Drugs revamp could save half a billion
Half a billion pounds could be saved by reforming the way the NHS pays for drugs, the Office of Fair Trading has claimed.
To the concern of the pharmaceutical industry, the office is recommending a major overhaul of the Pharmaceutical Price Regulation Scheme.
The moves could see a clampdown on the prescribing of some expensive drugs that the OFT said might have limited benefits.
Currently the PPRS allows companies to set their own prices for medicines, in return for a cap on overall profits. The OFT wants a new system where the price paid for drugs reflects their actual patient benefit.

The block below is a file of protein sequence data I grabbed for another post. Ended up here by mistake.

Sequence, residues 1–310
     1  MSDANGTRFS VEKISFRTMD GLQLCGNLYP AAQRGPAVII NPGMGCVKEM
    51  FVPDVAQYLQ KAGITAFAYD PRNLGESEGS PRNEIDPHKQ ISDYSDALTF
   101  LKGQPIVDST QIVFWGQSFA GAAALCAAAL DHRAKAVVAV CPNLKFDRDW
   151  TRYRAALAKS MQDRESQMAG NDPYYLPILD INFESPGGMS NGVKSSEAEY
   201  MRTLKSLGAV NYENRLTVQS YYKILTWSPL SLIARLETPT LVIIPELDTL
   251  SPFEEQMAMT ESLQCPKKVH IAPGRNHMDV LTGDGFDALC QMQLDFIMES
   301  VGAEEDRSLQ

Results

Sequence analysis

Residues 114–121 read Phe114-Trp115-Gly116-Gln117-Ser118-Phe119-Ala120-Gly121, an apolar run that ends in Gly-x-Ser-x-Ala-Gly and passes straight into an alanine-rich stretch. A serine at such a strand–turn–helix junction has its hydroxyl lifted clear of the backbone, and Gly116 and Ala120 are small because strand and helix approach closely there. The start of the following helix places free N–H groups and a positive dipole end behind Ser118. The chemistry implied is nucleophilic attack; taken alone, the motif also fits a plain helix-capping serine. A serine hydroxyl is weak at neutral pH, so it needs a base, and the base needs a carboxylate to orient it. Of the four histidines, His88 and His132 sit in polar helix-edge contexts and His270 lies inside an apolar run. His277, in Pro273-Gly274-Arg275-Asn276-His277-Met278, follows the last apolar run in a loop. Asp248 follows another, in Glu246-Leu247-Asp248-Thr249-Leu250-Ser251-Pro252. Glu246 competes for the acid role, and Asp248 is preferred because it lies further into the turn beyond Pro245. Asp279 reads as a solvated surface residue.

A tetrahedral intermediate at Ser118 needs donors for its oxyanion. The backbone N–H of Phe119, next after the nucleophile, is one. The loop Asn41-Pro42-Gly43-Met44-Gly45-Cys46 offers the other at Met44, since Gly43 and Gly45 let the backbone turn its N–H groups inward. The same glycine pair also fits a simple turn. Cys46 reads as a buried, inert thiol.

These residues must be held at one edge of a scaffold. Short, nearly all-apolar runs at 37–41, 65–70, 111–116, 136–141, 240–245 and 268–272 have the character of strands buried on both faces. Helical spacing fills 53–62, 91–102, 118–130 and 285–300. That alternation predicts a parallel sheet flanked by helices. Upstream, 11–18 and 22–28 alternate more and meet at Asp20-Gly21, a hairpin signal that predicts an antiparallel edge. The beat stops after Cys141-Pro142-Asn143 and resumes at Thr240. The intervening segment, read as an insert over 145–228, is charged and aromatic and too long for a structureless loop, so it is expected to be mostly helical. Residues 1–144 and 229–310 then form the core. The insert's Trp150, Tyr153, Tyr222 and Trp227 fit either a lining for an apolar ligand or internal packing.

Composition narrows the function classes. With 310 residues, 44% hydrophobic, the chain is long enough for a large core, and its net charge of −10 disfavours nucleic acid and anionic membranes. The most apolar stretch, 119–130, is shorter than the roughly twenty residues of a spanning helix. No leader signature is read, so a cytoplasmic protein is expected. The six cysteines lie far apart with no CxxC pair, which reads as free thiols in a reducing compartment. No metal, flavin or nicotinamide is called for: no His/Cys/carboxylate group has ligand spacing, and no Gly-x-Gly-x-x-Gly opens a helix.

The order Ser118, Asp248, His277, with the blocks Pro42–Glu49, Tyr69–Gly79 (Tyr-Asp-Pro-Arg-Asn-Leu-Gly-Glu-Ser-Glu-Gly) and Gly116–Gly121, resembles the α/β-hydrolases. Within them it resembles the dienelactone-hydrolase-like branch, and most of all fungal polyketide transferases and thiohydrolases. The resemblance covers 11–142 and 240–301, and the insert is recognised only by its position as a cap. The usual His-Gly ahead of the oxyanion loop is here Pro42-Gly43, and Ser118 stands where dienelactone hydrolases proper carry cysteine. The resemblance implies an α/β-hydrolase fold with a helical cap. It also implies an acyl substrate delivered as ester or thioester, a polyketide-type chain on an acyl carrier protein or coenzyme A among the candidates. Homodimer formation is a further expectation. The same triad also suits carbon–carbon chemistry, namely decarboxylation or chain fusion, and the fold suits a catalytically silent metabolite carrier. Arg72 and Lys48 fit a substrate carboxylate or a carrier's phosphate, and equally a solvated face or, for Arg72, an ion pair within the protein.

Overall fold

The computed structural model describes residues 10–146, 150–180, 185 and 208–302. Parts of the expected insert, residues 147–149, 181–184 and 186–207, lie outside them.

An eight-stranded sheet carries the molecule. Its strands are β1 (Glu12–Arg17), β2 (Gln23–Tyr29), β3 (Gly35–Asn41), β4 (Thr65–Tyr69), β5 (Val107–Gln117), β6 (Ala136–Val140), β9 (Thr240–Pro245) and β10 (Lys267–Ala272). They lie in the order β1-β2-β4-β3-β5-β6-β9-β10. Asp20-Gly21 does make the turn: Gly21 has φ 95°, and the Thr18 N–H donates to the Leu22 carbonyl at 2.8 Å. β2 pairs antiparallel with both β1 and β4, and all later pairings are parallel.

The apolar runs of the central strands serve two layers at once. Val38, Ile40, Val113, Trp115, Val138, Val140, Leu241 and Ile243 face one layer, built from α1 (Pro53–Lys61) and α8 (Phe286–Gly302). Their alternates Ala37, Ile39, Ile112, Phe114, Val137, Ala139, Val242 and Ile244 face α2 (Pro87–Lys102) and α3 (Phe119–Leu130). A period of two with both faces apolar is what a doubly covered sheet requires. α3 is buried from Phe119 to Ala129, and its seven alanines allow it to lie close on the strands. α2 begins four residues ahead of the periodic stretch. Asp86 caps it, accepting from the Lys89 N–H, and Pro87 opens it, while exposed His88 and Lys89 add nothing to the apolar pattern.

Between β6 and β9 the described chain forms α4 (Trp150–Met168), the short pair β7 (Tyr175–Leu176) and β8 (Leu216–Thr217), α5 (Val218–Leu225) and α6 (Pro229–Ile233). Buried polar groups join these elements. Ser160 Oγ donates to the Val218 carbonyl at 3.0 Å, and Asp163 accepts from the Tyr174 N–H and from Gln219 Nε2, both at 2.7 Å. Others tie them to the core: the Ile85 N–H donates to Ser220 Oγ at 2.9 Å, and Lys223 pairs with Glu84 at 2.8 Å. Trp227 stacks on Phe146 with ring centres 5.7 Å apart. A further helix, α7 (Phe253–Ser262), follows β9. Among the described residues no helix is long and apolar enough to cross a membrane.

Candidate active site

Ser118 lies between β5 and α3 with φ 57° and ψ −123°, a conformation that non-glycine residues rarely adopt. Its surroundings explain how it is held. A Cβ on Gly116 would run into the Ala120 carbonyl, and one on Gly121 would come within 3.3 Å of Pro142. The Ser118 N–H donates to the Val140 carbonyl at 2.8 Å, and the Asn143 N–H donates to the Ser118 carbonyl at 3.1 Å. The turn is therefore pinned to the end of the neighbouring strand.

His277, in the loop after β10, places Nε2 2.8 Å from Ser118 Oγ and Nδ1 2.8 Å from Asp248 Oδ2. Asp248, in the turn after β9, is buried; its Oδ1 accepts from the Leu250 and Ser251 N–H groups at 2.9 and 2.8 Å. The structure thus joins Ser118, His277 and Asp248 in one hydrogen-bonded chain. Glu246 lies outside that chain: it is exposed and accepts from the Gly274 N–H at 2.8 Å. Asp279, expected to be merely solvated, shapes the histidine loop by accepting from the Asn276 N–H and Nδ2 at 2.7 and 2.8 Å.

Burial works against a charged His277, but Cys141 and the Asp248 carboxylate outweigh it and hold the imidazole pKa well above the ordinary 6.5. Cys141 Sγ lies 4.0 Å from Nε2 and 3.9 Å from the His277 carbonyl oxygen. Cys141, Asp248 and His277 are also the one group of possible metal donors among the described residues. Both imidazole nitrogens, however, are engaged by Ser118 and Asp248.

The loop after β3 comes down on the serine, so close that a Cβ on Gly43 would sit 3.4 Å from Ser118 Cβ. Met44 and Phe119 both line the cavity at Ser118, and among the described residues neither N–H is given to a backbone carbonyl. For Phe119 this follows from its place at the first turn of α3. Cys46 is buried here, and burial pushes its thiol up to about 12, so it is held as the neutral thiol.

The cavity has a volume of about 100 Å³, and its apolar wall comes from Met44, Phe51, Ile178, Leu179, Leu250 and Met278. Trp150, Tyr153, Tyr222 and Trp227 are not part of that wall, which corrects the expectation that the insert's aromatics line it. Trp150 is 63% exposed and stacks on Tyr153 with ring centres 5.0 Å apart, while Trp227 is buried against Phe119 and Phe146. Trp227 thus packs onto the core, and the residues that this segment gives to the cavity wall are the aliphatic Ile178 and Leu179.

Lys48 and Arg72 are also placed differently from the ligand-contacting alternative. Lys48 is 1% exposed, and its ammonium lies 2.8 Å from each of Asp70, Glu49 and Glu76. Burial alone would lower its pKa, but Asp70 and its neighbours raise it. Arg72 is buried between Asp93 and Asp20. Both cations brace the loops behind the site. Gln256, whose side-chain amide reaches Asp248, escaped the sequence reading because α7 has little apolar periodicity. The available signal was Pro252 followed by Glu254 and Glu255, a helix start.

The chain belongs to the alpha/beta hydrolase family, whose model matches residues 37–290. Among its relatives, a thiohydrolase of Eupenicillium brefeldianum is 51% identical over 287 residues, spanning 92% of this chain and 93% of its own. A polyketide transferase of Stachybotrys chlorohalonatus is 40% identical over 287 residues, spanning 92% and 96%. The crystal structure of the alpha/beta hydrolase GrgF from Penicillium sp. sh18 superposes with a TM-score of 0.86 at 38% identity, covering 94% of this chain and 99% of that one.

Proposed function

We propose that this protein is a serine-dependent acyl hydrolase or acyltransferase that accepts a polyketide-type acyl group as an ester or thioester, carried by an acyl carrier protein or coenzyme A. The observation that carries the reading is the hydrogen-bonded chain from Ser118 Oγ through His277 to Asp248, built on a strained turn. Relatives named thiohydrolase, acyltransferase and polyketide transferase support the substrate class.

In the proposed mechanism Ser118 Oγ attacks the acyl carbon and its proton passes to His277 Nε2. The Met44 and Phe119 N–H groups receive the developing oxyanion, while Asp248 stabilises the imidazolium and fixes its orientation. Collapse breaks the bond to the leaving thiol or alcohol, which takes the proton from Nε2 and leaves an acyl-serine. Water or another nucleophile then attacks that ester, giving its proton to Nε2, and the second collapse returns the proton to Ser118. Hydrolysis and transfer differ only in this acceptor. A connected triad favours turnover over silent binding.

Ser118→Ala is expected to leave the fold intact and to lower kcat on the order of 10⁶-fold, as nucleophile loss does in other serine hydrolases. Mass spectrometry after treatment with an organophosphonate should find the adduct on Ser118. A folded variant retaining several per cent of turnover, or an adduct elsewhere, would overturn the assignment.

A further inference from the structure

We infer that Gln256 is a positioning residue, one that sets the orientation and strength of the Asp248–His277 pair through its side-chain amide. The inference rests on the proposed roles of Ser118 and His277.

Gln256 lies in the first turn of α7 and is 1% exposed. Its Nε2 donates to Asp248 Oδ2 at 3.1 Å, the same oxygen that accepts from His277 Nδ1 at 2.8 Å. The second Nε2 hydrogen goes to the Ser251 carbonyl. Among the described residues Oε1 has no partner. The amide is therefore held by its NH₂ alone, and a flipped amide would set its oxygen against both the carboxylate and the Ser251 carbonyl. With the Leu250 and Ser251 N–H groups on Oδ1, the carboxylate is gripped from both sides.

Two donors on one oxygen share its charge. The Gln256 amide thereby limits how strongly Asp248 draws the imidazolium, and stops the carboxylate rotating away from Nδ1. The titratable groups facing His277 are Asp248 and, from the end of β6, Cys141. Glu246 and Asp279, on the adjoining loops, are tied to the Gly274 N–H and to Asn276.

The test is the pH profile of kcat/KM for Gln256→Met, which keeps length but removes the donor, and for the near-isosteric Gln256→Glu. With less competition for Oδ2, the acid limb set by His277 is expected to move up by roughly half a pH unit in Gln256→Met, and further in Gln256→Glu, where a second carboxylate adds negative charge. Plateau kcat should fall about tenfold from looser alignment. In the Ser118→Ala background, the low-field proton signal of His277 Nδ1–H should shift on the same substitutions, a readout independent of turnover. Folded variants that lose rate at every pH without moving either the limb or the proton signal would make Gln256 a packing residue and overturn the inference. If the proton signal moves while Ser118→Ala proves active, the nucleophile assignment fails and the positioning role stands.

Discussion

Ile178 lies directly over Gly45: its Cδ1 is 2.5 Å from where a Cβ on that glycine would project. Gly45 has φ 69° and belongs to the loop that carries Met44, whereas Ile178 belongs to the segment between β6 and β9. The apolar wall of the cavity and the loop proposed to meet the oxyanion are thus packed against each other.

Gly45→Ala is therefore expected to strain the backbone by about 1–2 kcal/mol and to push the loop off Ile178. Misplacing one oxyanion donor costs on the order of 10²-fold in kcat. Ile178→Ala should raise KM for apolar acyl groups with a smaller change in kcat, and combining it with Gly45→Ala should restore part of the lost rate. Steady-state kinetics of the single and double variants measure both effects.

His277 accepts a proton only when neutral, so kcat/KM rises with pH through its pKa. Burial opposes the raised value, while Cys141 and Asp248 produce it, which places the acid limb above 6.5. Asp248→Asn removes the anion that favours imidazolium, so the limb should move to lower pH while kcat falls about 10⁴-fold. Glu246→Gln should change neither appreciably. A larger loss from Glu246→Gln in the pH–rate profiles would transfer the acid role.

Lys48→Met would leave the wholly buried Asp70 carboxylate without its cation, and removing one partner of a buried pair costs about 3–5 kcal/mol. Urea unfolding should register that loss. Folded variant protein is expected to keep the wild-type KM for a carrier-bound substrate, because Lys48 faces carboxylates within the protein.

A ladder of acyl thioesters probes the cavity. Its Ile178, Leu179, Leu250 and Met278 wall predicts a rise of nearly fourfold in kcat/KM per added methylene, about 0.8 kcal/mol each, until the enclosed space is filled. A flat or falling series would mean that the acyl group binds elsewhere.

In areas such as high blood pressure and cholesterol, it said hundreds of millions of pounds was spent on products which were much more expensive but little more effective than rivals. It concluded that £500m 'could have been put to more cost effective use' in 2005.
If taken forward by the Government, the recommendations could lead to a major reallocation of drug spending.
John Fingleton, chief executive of the OFT, said: 'Focussing prices on the needs of patients rather than on the costs of drug companies would be good for both patients and for business. It would focus drug company innovation and investment on the areas where patients need it most, creating more valuable drugs in the future.'